The word ‘hallucinogen’ and ‘psychedelic’ are, for the purposes of this article, synonymous, as are the words ‘psychoactive’ or ‘entheogen’. They are words that more often than not since the 1970s are used as pejoratives, the year when the (failed) war on drugs was legislated in the USA (after the Controlled Substances Act of 1970 was passed by the Nixon administration). It is important to note that beyond the confines of the failed war on drugs, the experience that is facilitated by the use of a psychedelic or hallucinogen is often considered to be “the culminating experience of a lifetime” (1978, 12), or, as has just been seen via Ruck’s commentary, “the supreme experience in an initiate’s life”. Accepting the hypothesis that such a substance was used in the ceremony at Eleusis allows one to make sense of statements such as the following one made by Rosen (1978, 423-424): “Spiritual and physical happiness is… the promise of Eleusinian initiation. … Our sources stress not only that the initiate will be happy in the afterworld, but that he will also be happy and prosperous in this life”. It is precisely the case that terminal cancer patients are ‘happier in this life’, as well as more prepared for their ‘journey into the afterworld’, after psychedelic therapy. In general, patients and initiates alike have mystical experiences, are struck by awe and wonder, feel as though they are part of a bigger and more meaningful whole, re-evaluate how they comprehend life and death, see visions and patterns and details they have never seen before, and so on. Ancient philosophers, as has been seen already, spoke similarly of the sights of wondrous things, of feeling connected to a greater whole, and so on. The ancient philosophical experience of the “dilation of our self throughout the infinity of universal nature” (Hadot 1995, 266) is particularly telling, because it matches a psychedelic experience described by Michael Pollan (in the Ferris-Pollan interview, 2018). Pollan describes the psychedelic experience as entailing a process of ego-dissolution, which seems like a less poetic way of saying the “dilation of our self”. He comments that the experience of ego dissolution “feels to people like a mystical experience”, and adds that ego dissolution “is a kind of rehearsal for death”, which provides insight into why the Eleusinian experience prepared initiates for the afterlife, and why the guided psychedelic experience eases anxiety in cancer patients regarding their imminent deaths. Perhaps this ‘mystical’ context explains why Thomas Taylor, in his research into the Eleusinian Mysteries in 1891, records the following important comparison. He writes (1891, 166), “Theon of Smyrna, in Mathematica, … thus elegantly compares philosophy to these mystic rites”: “philosophy may be called the initiation into true sacred ceremonies, and the instruction in genuine Mysteries”. Philosophy is again associated with the Mysteries when he articulates the following analogy:

Just as persons who are being initiated into the Mysteries throng together at the outset amid tumult and shouting, and jostle against one another, but when the holy rites are being performed and disclosed the people are immediately attentive in awe and silence, so too at the beginning of philosophy: about its portals also you will see great tumult and talking and boldness, as some boorishly and violently try to jostle their way towards the repute it bestows; but he who has succeeded in getting inside, and has seen a great light, as though a shrine were opened, adopts another bearing of silence and amazement, and ‘humble and orderly attends upon’ reason as upon a god.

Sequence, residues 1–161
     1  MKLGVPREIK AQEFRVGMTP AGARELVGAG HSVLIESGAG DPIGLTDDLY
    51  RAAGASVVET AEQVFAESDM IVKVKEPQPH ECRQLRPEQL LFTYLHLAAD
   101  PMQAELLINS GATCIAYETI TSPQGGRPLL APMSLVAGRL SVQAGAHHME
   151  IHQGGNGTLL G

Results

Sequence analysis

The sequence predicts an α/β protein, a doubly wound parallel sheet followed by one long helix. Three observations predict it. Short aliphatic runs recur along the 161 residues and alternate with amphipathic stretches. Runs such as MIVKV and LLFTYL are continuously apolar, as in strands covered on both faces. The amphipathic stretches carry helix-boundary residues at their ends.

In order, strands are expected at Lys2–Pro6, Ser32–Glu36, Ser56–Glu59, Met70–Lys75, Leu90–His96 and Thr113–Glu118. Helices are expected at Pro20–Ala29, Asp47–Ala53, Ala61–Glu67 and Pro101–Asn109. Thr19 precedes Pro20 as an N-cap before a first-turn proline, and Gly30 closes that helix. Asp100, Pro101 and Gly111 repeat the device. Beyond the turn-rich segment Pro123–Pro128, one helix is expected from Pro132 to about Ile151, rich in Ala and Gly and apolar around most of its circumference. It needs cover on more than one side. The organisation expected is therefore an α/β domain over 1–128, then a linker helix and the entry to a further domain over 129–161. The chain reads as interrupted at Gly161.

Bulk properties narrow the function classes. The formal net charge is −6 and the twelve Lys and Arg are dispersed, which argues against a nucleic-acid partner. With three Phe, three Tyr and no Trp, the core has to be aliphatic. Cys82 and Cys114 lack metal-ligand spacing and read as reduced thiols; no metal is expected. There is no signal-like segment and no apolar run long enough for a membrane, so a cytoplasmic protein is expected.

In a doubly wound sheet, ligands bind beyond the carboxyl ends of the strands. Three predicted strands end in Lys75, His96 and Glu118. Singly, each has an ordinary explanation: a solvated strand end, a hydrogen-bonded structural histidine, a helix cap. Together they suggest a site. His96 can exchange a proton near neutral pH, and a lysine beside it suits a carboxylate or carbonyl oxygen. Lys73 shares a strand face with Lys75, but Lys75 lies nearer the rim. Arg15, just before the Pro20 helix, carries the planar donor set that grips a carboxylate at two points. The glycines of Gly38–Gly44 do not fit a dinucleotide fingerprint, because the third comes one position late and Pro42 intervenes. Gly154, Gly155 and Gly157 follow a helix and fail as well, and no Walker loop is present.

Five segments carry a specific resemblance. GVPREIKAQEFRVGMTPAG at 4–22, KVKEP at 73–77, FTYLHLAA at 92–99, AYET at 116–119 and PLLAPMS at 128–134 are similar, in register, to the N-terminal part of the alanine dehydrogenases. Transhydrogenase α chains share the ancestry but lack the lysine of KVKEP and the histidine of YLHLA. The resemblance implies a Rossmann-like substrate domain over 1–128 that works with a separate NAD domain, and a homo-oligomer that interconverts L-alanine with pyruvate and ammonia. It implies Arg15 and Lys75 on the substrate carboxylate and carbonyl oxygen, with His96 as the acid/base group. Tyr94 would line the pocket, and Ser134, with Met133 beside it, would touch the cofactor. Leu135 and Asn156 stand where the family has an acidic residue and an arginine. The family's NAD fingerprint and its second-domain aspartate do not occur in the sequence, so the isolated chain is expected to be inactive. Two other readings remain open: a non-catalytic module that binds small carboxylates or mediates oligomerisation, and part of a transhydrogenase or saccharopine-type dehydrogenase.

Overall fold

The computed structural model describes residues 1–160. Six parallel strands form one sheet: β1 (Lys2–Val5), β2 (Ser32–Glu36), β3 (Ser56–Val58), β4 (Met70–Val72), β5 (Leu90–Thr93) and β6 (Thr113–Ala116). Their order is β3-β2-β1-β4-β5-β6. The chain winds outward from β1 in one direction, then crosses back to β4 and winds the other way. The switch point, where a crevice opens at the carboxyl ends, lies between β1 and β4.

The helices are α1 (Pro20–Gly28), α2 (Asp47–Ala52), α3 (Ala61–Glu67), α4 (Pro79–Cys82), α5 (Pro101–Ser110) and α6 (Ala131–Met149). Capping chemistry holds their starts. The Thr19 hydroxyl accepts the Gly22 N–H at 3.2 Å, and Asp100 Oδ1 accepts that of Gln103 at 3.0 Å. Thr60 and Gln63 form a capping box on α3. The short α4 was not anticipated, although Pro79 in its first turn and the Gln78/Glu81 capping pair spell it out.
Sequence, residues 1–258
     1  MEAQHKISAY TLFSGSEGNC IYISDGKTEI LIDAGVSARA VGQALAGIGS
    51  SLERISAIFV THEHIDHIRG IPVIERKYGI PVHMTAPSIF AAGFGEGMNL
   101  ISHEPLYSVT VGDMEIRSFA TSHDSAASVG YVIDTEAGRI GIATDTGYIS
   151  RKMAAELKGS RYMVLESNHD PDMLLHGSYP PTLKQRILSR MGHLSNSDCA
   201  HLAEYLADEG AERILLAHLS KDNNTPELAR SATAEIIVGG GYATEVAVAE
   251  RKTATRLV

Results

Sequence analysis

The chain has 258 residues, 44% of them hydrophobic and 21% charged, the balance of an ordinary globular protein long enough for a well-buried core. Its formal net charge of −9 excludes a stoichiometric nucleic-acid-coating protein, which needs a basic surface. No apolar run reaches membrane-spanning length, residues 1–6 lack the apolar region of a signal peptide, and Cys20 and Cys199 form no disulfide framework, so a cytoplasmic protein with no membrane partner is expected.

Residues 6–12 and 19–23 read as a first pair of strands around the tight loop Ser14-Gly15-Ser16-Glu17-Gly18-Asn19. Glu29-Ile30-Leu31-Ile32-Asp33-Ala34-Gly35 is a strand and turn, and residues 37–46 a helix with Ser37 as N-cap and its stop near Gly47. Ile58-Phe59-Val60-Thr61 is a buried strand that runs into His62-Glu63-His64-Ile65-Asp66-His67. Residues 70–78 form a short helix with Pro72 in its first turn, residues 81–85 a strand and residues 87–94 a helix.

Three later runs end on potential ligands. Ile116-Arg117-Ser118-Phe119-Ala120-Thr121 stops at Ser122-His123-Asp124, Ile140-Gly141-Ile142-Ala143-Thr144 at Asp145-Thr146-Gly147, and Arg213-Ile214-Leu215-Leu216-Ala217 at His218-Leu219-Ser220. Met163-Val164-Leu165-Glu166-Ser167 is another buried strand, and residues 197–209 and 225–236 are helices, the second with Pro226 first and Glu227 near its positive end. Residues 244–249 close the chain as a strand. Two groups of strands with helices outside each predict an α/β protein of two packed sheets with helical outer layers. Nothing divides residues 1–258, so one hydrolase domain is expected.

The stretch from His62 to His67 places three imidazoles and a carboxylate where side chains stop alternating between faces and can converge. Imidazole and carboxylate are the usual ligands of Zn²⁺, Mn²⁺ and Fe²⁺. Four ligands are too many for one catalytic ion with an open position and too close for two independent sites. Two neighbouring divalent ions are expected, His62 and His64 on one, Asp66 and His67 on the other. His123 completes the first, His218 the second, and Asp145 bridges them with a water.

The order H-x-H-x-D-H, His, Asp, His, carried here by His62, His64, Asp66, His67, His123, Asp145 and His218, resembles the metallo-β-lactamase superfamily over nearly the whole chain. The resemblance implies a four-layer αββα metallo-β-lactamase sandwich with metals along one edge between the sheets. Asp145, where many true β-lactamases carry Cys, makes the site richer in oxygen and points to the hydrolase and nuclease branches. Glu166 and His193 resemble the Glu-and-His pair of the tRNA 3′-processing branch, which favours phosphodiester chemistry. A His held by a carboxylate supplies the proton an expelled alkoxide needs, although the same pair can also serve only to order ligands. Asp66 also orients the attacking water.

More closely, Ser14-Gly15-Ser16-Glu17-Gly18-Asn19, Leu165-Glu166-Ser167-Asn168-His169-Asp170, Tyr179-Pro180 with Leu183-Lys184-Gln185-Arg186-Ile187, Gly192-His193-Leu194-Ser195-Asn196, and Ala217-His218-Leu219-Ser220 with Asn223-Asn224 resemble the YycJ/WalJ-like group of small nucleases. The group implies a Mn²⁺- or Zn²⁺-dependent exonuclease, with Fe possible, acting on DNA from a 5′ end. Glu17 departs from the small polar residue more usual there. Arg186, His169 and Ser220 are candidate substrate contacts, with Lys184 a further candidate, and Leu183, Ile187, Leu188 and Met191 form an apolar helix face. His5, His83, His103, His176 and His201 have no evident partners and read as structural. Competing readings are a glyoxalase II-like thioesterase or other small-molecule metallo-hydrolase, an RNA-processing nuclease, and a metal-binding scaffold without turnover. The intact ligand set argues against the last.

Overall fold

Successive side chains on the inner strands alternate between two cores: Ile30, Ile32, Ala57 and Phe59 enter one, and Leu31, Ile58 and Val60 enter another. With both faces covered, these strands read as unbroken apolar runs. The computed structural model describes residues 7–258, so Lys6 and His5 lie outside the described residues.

By emphasising the above links between philosophical consciousness and psychedelic consciousness, I am not suggesting that the direction taken by philosophy as a discipline since the time of the ancient philosophers – almost exclusively a direction away from the altered states of consciousness central to the older philosophical endeavour at Eleusis – is a ‘good’ or ‘bad’ direction. The process of change is universal, and philosophy as a discipline obviously cannot be exempt from this law. What I am suggesting, very specifically, is that the philosopher must acknowledge in the history of one’s discipline the high esteem – rather, the highest esteem – placed on the ‘initiatory’ experience facilitated at Eleusis, an experience that some researchers and authors acknowledge and argue to be one induced by psychedelics and which the Ancients equated with philosophy. A consequence of this acknowledgement is, at very least, that a philosopher cannot simply dismiss this type of experience without doing an injustice to the history of the discipline in which they participate – philosophers must take the experience seriously. And perhaps it is not only philosophers who should take the experience seriously, but also all people who see the influence that the (psychedelic) ancient Greek culture has had for the rest of humanity’s history. Ancient Greek culture and philosophy “had a huge influence on the world. Greece is the birthplace of democracy and Western culture. In so many fields of human endeavour – government, philosophy, science, mythology, religion, and all the arts – the accomplishments and contributions of Greece have at times been equalled but have never been surpassed” (McGinnis 2004, 7). This immense productivity emanated from a culture that highly venerated experiences that were either literally psychedelic, or at very least, fully coterminous with the psychedelic experience, and it was also a culture that practiced philosophy as a way of life accompanied by philosophical perception, a type of perception that shares important features with psychedelic perception.